Please read Part One and Part Two

Part 3: Azure Automation, Azure RunBooks, and Octopus Deploy

With just PowerShell and an Azure ARM template, we can kick off a deployment in just a few minutes. But there are still some manual steps involved – you still need to login to your Azure subscription, enter a command to create a new resource group, and enter another command to kick off a deployment. With the help of an Azure automation account and a platform called Octopus Deploy, we can automate this process even further to a point where it takes as little as three clicks to deploy your whole infrastructure!

A Quick Overview

Before we go any further, let me give you a brief overview of the automation involved here and how the different pieces fit together. We’ll use the Octopus Deploy service as an abstraction layer to handle the different releases or versions of the infrastructure we are trying to create. This is really just a user-friendly interface that connects to a Runbook in an Azure Automation Account that kicks off our main deployment. You can think of a Runbook as just a PowerShell script that runs in Azure Portal to deploy the resources on a template stored within an Azure Storage Account.

This system helps us create a one-click deployment strategy that contains all the configuration for a specific release. For example, we could create single-click deployments for several different testing and production environments that utilize different deployment configurations.

You can use this script to deploy a resource group that contains an Automation Account, a Key Vault (to store admin usernames and passwords), a Storage Account to store your main and nested deployment templates, and necessary service principals for your Automation and Octopus Deploy Accounts.

In order to run the script above, you need to have the following scripts in the same directory:

Azure Automation and RunBooks

As I mentioned above, you can create an Azure Automation Account to help you streamline the deployment process within Azure Portal. There are plenty of different ways you can use an automation account, but for the sake of this post, we’ll focus on creating a Runbook to deploy our infrastructure. Check out this link for more information about Azure Automation Runbooks.

Check out this Runbook as an example of how to automate the steps in the previous section, along with a few other things. It does all of the following:

  1. Exposes necessary parameters related to the deployment in a parameter object (lines 6-25); we can pass parameters into this script like a resource group name or Azure subscription id
  2. Authenticates user with service principal for Azure Automation Account (lines 32-33)
  3. Creates resource group, if resource group name does not exist (lines 35-40)
  4. Removes any locks on a resource group, if it already existed in step 3 (lines 42-48)
  5. Creates storage account context and shared access tokens
  6. Pulls down and saves externally-hosted parameter file to local Runbook storage (lines 62-70)
  7. Adds shared access tokens as parameters to parameter file (lines 71-72)
  8. Deploys template specified in parameters object
  9. Reapplies any locks that were removed in step 4

Octopus Deploy

If you don’t have an Octopus Deploy account, you can utilize the 45-day free trial offering to mess around before committing to a subscription model.

There are a lot of different ways you can use Octopus Deploy, so it’s definitely worth checking out their documentation.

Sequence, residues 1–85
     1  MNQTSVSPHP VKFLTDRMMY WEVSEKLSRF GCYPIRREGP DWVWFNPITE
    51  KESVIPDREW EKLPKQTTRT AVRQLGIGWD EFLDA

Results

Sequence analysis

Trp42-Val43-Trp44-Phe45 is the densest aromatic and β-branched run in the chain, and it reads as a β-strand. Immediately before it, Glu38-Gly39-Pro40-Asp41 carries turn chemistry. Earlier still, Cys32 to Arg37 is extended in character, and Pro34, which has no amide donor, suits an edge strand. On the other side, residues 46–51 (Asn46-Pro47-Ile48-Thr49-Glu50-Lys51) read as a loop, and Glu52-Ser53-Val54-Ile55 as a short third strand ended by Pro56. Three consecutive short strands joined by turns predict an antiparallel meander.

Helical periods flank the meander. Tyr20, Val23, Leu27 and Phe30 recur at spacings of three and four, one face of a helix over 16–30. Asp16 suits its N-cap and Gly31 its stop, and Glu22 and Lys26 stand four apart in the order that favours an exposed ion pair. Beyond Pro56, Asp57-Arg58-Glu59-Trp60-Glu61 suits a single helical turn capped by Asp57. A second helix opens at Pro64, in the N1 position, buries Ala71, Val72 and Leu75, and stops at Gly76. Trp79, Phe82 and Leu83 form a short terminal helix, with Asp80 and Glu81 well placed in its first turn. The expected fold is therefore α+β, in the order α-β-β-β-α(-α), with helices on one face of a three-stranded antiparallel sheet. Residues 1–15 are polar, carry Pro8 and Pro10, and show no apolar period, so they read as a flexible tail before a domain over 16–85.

Follow these steps to deploy your infrastructure with Octopus Deploy:

  1. Login to Octopus Deploy; after logging in, you will be taken to your dashboard.
  2. Click the Environment tab and click “Add Environment.”
  3. Name your environment with a name of your choosing and click “Save” – this will function as a container that you can scope environment level variables and constants to.
  4. Click on the “Projects” tab and click “Add Project”
  5. Create a name and click “Save”. You will be taken to your project page.
  6. Click on the “Process” tab on the left and click “Add step” and select “run a script.”
  7. Enter a name for your script and check “octopus server” in the execution plan section.
  8. Select “source code” in the script source section.
  9. Enter your script in the text editor. Take note on how parameters are pulled from Octopus Deploy. We will be creating these variables in step 13.
  10. In the conditions section, select “Run for all applicable Lifecycle environments” and click “Save.”
  11. Within your project page, click on the “variables” tab on the left hand side of the page and add your environment level variables here. These variables will be the ones used by the script in step 11. Octopus Deploy also has a useful feature where you can create a library of environment variables to use for different projects. Make sure to scope your variables to the environment we created in step 3.
  12. After saving your variables, click on the “Settings” tab on the left hand side of your project page and configure your release settings as desired.
  13. Click “Create Release” on your project page and click “Save”. You will be taken to your release page.
  14. Finally, select and deploy to the environment we created in step 3.


Hopefully you can see the value of taking the time to set something like this up. Now, your deployments will be much closer to being error free, much more repeatable, and much faster. A continuous delivery pipeline, in conjunction with an automated deployment mechanism like this, can streamline the deployment of your codebase to several testing, staging, and production environments with a single push to your version control service.